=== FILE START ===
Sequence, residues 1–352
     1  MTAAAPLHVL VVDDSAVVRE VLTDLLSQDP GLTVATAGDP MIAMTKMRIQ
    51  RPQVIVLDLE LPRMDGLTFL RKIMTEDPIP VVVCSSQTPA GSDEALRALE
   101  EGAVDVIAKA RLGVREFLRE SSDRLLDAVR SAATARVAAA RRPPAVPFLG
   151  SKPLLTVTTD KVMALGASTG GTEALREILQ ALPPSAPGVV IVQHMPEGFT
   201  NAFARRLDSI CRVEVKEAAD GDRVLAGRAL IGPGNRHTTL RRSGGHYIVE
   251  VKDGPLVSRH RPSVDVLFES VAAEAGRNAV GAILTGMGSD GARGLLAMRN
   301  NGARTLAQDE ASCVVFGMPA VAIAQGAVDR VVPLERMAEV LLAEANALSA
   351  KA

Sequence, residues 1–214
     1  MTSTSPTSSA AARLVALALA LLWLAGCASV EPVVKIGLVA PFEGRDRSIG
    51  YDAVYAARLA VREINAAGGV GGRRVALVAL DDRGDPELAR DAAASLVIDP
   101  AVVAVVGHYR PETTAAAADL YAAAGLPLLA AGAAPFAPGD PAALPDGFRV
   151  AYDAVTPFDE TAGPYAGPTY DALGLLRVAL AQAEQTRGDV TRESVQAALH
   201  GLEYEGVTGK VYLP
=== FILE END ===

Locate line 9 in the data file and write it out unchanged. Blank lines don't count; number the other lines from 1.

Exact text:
   351  KA